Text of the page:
Steve Cannon (Chief Executive Officer)
Steve Cannon, CEO of Atlanta Falcons owner Arthur M. Blank's family of businesses, is the personification of what the NFL's Salute to Service Award was created to honor. His passion and drive to provide America's military community meaningful recognition, unique engagement opportunities and enduring support they may not otherwise have is constant and central to his leadership ethic. Cannon's commitment to the military and related causes began with his own personal commitment. Cannon, who graduated with honors from the United States Military Academy at West Point in 1986, was Airborne Ranger qualified and served as First Lieutenant in West Germany during the fall of the Iron Curtain. During his time in the Army he also served five years as an artillery officer. Through Cannon's countless hours of service to multiple military non-profits over the years, his constant "military first" mindset and utilization of the NFL's platform has provided active duty service members, veterans and military families with first class experiences and support.
In addition to empowering and giving back to the military community, Cannon has played a large role in bringing awareness to the general population on the importance of honoring and recognizing our Nation's Heroes. Through Cannon's military and professional career, he has consistently found ways to implement programs in service to our military, active duty specifically. Upon his entrance into the Atlanta Falcons organization, he realized the impact of the NFL platform and challenged the Club to be "best in class" and to "become the benchmark franchise in all of professional sports" in terms of our military outreach and appreciation. The Atlanta Falcons became the first ever NFL team to conduct their own USO Tour. Another challenge that Cannon put on the team was to make every single Atlanta Falcons home game a "Salute to Service" game; and to not just celebrate our current service members and veterans once in November. Additionally, the Falcons host and honor through video tribute, a family from the Tragedy Assistance Program for Survivors (TAPS) at every single home game. The Falcons have raised more than $250,000 to help homeless veterans across the state of Georgia.
On January 1, 2014, Cannon's life was changed forever when his brother, also a West Point graduate, took his own life due to post traumatic stress disorder. Cannon, through his heartbreak, also found a light. Seeing what his family was going through, he wanted to make sure that any other family that experiences the unbearable pain of losing a loved one, feels cared for, is nurtured and has opportunities in their time of most need. Cannon serves on the Board of Directors of three organizations whose values are built around providing opportunities for military and their families. Since 2014, he has served on the Board of Directors for Johnny Mac Soldiers Fund and Children of Fallen Patriots; while also serving on the TAPS Board of Directors since 2017. Cannon co-founded the Johnny Mac Soldiers Fund in 2014, a nonprofit organization that honors military service and sacrifice by providing scholarships and educational programs to veterans and military family members, especially to children of our nation's fallen or disabled. Since 2014, Johnny Mac Soldiers Fund has helped over 1,500 military children with scholarships totaling $12 million; the Fund will award an additional $4 million+ in scholarships in 2019. A member of the Johnny Mac Soldiers Fund Executive Committee and Board of Directors, Cannon has been instrumental in their fundraising efforts. They have raised $20 million since 2014.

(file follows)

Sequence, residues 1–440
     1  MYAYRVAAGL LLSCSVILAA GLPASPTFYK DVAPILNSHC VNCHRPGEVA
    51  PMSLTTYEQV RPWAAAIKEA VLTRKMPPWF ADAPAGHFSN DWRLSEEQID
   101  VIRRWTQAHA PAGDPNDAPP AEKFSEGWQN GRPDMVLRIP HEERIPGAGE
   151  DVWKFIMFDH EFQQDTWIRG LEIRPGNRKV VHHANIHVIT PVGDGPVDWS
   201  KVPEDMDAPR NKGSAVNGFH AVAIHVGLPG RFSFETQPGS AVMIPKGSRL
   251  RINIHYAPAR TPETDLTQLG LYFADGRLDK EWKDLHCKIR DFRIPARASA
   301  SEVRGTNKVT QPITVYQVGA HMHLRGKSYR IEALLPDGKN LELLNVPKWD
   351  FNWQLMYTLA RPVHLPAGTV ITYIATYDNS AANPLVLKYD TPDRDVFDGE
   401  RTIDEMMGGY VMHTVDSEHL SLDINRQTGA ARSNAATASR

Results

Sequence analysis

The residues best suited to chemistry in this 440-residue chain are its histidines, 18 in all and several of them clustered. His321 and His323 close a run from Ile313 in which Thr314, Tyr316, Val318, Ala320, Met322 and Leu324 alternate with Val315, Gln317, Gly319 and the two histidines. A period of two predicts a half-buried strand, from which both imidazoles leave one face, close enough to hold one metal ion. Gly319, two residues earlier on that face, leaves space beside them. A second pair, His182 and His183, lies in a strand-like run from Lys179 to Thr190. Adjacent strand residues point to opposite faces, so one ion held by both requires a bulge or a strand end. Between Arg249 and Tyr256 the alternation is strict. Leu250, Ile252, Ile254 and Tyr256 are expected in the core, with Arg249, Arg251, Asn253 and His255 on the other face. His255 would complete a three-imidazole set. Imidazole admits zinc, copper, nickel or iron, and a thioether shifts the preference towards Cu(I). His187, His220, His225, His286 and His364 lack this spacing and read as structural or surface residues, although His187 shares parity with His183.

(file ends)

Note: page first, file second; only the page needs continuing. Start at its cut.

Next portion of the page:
Cannon always has the United States military on the forefront of what we do, and their families, and the Atlanta Falcons are honored to have a such a special leader push the organization to excellence and make sure they take care of those who fight for our freedom every day. "There is a debt we owe to those who make the ultimate sacrifice and we will pay that debt by taking care of the families left behind," says Cannon.